As a well-known cynical quip maintains, common sense isn’t all that common. While at times this might seem to be the case, there are some basic indicators that argue that sound judgment based on experience continues with most; that people in general do display what is called normal native intelligence. While perhaps it’s mainly anecdotal evidence that’s cited as proof, still, it can be argued that most people seem to “know” or “sense” when something is clearly right or wrong; that people in general tend to realize when something they’re hearing or learning doesn’t pass the proverbial “smell test.” Not surprisingly, the idea of something not ‘smelling’ right even when we don’t know all the facts, is reflected in some notable insightful phrases that have come down to us.
For instance, H.L. Mencken is credited with having stated: “When somebody says it’s not about the money, it’s about the money.” So it is that “follow the money” continues to be a sound directive in a police investigation or a congressional hearing. Or reflect on Shakespeare’s phrase from Hamlet: “the lady doth protest too much, methinks.” In Shakespeare’s day, “protest” meant to declare solemnly or to positively affirm. This expression is often used to indicate that a person’s repeated and fervent attempts to convince others of something is actually what causes them to believe that the opposite is true. In other words, they sense they’re being snowed—or that “it’s about the money,” as Mencken might put it.
Consider too, the self-explanatory “duck test” which states: ‘If it looks like a duck, swims like a duck, walks like a duck, and quacks like a duck, then it probably is a duck.’ This famous ‘duck test’ is oddly similar to a well-known saying that came out of the world of jurisprudence. “I know it when I see it” became one of the most famous phrases in the entire history of the Supreme Court when Justice Potter Stewart wrote his short concurrence that “hard-core pornography” was hard to define, but that “I know it when I see it.” Hence, “I know it when I see it” has become an everyday way of describing a person’s attempt to classify a fact or a happening though its category is subjective or its criterion isn’t clear-cut. In other words, “common sense.”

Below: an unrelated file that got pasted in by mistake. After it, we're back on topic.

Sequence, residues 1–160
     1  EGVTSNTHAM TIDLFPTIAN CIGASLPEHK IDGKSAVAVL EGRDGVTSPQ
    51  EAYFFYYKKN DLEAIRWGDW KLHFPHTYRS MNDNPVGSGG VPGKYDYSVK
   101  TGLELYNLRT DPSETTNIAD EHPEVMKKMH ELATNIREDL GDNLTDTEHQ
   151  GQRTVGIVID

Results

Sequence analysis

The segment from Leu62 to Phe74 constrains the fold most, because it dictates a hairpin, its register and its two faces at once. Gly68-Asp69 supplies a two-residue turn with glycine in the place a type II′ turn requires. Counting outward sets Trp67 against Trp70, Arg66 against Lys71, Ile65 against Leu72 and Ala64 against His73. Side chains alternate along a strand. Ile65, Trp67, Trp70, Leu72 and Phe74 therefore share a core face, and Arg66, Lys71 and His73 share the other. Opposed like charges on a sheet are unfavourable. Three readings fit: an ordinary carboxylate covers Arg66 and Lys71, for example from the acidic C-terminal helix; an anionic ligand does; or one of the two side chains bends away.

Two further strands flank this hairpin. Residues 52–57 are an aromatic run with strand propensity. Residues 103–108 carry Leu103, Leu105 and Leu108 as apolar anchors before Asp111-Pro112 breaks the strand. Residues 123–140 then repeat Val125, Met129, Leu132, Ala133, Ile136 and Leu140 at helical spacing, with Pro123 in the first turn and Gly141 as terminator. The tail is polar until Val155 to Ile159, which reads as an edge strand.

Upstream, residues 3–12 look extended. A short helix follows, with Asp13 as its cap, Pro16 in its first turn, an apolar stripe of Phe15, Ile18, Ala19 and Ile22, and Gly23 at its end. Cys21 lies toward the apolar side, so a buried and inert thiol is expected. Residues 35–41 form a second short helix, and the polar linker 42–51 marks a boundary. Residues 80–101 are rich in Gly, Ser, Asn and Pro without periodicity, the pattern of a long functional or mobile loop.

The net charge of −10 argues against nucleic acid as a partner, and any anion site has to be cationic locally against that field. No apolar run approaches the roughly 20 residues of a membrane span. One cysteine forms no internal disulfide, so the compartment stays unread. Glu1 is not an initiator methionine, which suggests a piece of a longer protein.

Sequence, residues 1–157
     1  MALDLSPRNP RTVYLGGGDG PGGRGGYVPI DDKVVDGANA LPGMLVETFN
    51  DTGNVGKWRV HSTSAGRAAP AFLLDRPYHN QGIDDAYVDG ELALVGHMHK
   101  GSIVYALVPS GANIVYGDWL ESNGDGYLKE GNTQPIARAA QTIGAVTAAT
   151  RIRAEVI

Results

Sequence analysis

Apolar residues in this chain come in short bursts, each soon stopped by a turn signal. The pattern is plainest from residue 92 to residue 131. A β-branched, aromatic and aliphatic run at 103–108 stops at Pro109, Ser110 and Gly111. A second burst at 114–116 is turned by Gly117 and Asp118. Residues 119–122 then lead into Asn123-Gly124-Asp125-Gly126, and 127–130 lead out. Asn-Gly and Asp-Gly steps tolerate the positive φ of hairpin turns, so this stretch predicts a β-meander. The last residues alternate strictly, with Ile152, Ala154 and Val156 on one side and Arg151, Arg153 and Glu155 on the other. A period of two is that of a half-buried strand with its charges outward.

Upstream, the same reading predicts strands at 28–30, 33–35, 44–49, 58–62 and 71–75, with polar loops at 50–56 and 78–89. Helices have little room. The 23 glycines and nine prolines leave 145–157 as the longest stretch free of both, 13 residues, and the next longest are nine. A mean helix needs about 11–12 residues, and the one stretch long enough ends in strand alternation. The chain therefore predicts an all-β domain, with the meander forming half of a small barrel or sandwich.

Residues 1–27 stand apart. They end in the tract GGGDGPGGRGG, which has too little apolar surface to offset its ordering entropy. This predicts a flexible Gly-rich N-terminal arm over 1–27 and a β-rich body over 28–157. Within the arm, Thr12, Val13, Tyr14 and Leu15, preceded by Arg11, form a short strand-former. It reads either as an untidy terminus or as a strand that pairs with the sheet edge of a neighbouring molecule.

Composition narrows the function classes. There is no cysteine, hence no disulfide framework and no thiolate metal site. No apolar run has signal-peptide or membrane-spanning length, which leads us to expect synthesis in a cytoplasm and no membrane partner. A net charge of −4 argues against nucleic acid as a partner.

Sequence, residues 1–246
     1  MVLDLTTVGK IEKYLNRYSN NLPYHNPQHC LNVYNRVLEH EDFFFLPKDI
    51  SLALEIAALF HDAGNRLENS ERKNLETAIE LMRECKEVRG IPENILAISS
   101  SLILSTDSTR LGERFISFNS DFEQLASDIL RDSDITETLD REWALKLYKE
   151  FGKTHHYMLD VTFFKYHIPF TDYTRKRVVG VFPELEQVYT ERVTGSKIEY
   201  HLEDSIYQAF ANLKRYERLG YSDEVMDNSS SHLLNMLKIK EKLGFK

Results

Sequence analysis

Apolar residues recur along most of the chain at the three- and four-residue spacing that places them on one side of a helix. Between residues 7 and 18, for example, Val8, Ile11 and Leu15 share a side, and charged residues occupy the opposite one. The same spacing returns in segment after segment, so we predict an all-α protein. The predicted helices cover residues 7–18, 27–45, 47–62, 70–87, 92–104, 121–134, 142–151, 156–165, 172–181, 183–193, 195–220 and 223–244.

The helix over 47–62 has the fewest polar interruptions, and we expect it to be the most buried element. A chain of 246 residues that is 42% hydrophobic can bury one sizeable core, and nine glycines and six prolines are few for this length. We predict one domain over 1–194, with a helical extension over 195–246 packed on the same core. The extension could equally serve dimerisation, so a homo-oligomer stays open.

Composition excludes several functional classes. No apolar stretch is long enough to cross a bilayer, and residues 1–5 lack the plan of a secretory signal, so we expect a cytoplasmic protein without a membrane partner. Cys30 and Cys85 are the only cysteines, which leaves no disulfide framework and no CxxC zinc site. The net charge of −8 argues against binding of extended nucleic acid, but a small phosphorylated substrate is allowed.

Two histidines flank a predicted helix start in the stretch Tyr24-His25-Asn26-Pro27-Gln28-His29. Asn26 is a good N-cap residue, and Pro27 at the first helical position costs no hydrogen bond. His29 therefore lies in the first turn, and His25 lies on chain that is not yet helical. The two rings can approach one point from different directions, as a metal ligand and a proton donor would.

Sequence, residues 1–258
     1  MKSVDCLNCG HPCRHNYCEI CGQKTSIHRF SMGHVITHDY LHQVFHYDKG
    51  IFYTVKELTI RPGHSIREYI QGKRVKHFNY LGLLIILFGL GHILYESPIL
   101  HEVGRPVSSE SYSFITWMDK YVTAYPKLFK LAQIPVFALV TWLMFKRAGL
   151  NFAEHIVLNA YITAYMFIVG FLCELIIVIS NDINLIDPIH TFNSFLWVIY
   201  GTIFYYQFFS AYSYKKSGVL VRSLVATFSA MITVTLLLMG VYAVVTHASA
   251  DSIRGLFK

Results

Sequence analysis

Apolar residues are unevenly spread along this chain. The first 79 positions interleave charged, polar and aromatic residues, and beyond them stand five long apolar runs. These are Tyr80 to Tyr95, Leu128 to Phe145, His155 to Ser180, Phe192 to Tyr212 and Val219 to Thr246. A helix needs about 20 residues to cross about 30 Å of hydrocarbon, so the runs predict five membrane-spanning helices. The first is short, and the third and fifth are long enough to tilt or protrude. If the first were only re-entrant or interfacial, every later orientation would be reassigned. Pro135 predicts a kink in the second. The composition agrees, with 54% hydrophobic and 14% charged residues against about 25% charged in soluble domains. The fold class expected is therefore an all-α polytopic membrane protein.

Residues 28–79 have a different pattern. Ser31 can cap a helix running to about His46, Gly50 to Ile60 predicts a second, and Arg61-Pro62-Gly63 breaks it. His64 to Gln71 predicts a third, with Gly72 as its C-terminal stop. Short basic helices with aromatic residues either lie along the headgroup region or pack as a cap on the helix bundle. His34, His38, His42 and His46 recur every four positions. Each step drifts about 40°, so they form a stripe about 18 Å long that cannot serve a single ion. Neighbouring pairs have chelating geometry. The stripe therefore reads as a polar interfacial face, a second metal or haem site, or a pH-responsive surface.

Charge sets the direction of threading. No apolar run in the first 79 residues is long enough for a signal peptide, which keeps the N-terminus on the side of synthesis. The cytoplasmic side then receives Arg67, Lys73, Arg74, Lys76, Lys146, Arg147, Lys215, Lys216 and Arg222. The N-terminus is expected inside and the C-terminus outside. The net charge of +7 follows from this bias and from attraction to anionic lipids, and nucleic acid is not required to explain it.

Finally, consider a noteworthy verse from the Bible. A learned Jew in the first century was pretty much banking on the normal native intelligence that we moderns have come to associate with the ‘duck test’ and “I know it when I see it”, when he wrote the following to some of his dear friends who were then living in Rome: “You could hardly find anyone ready to die even for someone upright; though it is just possible that, for a really good person, someone might undertake to die.” The Christian apostle Paul seems to have known that the readers of his letter would simply know what he meant by “a really good person” without his having to explain it to them in great detail, which he didn’t.